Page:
24 Kiichiro Hiranuma.jpg Hiranuma Kiichirō
平沼 騏一郞
Hiranuma Kiichirō
(1867–1952)
5 January 1939 30 August 1939 237 None 35. Hiranuma [24]
25 Nobuyuki Abe formal.jpg Nobuyuki Abe
阿部 信行
Abe Nobuyuki
(1875–1953)
30 August 1939 16 January 1940 139 Military (Army) 36. Abe N. [25]
26 Yonai Mitsumasa cropped.jpg Mitsumasa Yonai
米内 光政
Yonai Mitsumasa
(1880–1948)
16 January 1940 22 July 1940 188 Military (Navy) 37. Yonai [26]
(23) Fumimaro konoe.jpg Fumimaro Konoe
近衞 文麿
Konoe Fumimaro
(1891–1945)
22 July 1940 18 July 1941 453 Taisei Yokusankai 38. Konoe II [23]
18 July 1941 18 October 1941 39. Konoe III
27 Hideki Tojo uniform.jpg Hideki Tōjō
東條 英機
Tōjō Hideki
(1884–1948)
18 October 1941 22 July 1944 1008 Military (Army) 40. Tōjō 1942 [27]
28 Kuniaki Koiso.jpg Kuniaki Koiso
小磯 國昭
Koiso Kuniaki
(1880–1950)
22 July 1944 7 April 1945 259 Military (Army) 41. Koiso [28]
29 Kantaro Suzuki suit cropped.jpg Kantarō Suzuki
鈴木 貫太郞
Suzuki Kantarō
(1868–1948)
7 April 1945 17 August 1945 132 None 42. Suzuki K. [29]
30 HIH Prince Naruhiko of Higashikuni.jpg Higashikuni no miya Naruhiko ō
東久邇宮 稔彦王
Higashikuni no miya Naruhiko ō
(1887–1990)
17 August 1945 9 October 1945 53 Imperial Family 43. Higashikuni no miya [30]
The only member of the Imperial Family to serve as Prime Minister.
31 Kijuro Shidehara.jpg Kijūrō Shidehara
幣原 喜重郞
Shidehara Kijūrō
(1872–1951)
9 October 1945 22 May 1946 225 Progressive
Shinpotō
44. Shidehara 1946 [31]
32 Shigeru Yoshida smiling2.jpg Shigeru Yoshida
吉田 茂
Yoshida Shigeru
(1878–1967)
22 May 1946 24 May 1947 367 Liberal
Jiyūtō
45. Yoshida I [32]

Prime Ministers of the State of Japan (1947–present)[edit]

Prime Ministers during the Shōwa period (1947–1989)[edit]

Under the Shōwa Emperor

Prime Minister Term of office Political Party Government Elected Ref
Portrait Name Took Office Left Office Days Gen. Coun.
33 Tetsu Katayama.jpg Tetsu Katayama
片山 哲
Katayama Tetsu
(1887–1978)
Rep for Kanagawa 3rd
24 May 1947 10 March 1948 291 JSP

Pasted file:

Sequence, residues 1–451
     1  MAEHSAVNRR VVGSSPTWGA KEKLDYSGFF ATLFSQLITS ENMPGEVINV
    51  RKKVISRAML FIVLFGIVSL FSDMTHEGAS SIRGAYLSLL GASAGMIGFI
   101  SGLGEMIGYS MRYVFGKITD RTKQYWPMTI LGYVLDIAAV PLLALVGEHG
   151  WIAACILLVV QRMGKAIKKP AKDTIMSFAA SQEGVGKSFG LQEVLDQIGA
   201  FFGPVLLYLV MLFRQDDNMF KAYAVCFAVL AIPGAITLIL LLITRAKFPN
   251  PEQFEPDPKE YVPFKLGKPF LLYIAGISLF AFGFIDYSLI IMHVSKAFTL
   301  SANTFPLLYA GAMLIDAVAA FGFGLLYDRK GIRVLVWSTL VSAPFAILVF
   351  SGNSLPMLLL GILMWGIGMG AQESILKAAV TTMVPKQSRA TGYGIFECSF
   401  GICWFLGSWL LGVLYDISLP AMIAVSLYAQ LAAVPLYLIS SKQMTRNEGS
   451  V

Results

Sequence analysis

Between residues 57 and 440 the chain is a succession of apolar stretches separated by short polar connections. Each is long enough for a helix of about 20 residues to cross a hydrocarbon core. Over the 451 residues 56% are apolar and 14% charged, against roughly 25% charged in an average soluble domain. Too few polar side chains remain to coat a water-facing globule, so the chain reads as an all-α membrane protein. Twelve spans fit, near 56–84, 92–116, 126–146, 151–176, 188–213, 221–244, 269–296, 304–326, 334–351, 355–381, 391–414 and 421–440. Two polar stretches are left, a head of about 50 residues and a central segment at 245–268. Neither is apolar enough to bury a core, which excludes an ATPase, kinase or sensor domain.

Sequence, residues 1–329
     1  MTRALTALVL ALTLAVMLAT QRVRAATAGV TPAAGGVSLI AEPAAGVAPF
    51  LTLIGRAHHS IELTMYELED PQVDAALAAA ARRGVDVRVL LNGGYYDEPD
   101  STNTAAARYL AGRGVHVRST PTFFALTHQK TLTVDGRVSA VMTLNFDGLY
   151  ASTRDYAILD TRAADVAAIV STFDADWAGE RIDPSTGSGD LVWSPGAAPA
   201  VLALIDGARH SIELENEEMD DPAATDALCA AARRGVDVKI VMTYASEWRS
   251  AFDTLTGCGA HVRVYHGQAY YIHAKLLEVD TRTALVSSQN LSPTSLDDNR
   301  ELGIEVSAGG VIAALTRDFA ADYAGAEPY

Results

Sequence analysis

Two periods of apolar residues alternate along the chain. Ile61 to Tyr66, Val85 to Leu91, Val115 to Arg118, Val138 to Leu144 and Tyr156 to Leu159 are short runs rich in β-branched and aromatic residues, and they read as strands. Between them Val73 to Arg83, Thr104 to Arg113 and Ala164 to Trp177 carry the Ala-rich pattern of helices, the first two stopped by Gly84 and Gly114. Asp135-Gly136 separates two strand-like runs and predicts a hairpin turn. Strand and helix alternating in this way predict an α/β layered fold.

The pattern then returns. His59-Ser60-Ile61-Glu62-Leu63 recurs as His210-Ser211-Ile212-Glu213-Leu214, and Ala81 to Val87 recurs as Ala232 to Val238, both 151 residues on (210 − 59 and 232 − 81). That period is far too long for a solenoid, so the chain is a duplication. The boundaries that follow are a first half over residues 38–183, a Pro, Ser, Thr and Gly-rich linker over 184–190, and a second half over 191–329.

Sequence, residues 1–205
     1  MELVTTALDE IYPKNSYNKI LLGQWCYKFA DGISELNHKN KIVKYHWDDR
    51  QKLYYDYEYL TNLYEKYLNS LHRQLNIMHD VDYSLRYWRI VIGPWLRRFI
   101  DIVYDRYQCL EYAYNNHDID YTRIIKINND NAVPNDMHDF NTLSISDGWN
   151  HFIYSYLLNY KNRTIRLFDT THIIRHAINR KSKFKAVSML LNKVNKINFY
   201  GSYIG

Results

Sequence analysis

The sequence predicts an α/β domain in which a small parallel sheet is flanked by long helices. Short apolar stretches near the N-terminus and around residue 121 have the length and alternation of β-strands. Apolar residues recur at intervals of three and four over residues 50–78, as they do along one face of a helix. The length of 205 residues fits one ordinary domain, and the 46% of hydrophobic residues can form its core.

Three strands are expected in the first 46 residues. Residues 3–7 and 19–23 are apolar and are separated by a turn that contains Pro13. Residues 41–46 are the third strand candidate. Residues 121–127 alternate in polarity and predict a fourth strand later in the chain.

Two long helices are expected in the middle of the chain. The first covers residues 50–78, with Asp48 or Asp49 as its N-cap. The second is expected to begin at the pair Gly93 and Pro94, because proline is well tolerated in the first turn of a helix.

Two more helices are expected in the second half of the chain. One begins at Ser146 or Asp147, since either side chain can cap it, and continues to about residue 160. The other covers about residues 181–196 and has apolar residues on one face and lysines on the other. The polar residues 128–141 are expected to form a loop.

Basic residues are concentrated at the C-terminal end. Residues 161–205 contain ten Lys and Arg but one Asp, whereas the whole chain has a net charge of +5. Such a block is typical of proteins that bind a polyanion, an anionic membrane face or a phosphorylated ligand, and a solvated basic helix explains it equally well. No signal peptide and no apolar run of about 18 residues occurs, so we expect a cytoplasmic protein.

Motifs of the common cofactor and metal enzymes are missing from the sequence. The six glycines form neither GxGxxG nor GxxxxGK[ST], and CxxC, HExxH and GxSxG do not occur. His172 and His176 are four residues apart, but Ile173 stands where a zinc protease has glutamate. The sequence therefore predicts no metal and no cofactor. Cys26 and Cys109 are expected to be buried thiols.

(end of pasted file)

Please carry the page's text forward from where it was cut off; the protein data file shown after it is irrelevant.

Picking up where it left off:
Nihon Shakaitō
46. Katayama
JSPDPPCP
1947 1947 [33]
Under Allied Occupation. The first Prime Minister and the first socialist to serve as Prime Minister of Japan. Member of Diet from 1930 to 1963. Formed a coalition government with the Democratic Party and the People's Cooperative Party.
34 Hitoshi Ashida.jpg Hitoshi Ashida
芦田 均
Ashida Hitoshi
(1887–1959)
Rep for Kyōto 2nd
10 March 1948 15 October 1948 219 DP
Minshutō
47. Ashida
DPJSPPCP
[34]
Under Allied Occupation. Ashida's cabinet resigned after seven months in office, due to alleged ministerial corruption in the Showa Electric scandal.
(32) Shigeru Yoshida smiling2.jpg Shigeru Yoshida
吉田 茂
Yoshida Shigeru
(1878–1967)
Rep for Kōchi At-large
15 October 1948 16 February 1949 2247 DLP
Minshu Jiyūtō
48. Yoshida II
DLP
[32]
16 February 1949 30 October 1952 Liberal
Jiyūtō
49. Yoshida III
(Reshuffle 1 · 2 · 3)
DLP/Lib.DP
1949 1950
30 October 1952 21 May 1953 50. Yoshida IV
Liberal
1952
21 May 1953 10 December 1954 51. Yoshida V
Liberal
1953 1953
Under Allied Occupation until the Treaty of San Francisco came into force on 28 April 1952. Developed the Yoshida Doctrine, prioritising economic development and reliance on United States military protection.
35 Hatoyama Ichirō.jpg Ichirō Hatoyama
鳩山 一郎
Hatoyama Ichirō
(1883–1959)
Rep for Tokyo 1st
10 December 1954 19 March 1955 744 JDP
Nihon Minshutō
52. Hatoyama I. I
JDP
[35]
19 March 1955 22 November 1955 53. Hatoyama I. II
JDP
1955
22 November 1955 23 December 1956 LDP
Jimintō
54. Hatoyama I. III
LDP
Rebuilt diplomatic ties with the Soviet Union. Favored parole for some of the Class A war criminals who had been sentenced to life imprisonment at the Tokyo Trial.
36 Tanzan Ishibashi.jpg Tanzan Ishibashi
石橋 湛山
Ishibashi Tanzan
(1884–1973)
Rep for Shizuoka 2nd
23 December 1956 25 February 1957 64 LDP
Jimintō
55. Ishibashi
LDP
1956 [36]
Incapacitated due to minor stroke on 31 January 1957. Foreign Minister Kishi Nobusuke served as Deputy Prime Minister until 25 February 1957.
37 Nobusuke Kishi Dec 14, 1956.jpg Nobusuke Kishi
岸 信介
Kishi Nobusuke
(1896–1987)
Rep for Yamaguchi 1st
25 February 1957 12 June 1958 1240 LDP
Jimintō
56. Kishi I
(Reshuffle)
LDP
[37]
12 June 1958 19 July 1960 57. Kishi II
(Reshuffle)
LDP
1958 1959
38 Hayato Ikeda.jpg Hayato Ikeda
池田 勇人
Ikeda Hayato
(1899–1965)
Rep for Hiroshima 2nd
19 July 1960 8 December 1960 1574 LDP
Jimintō
58. Ikeda I
LDP
[38]
8 December 1960 9 December 1963 59. Ikeda II
(Reshuffle 1 · 2 · 3)
LDP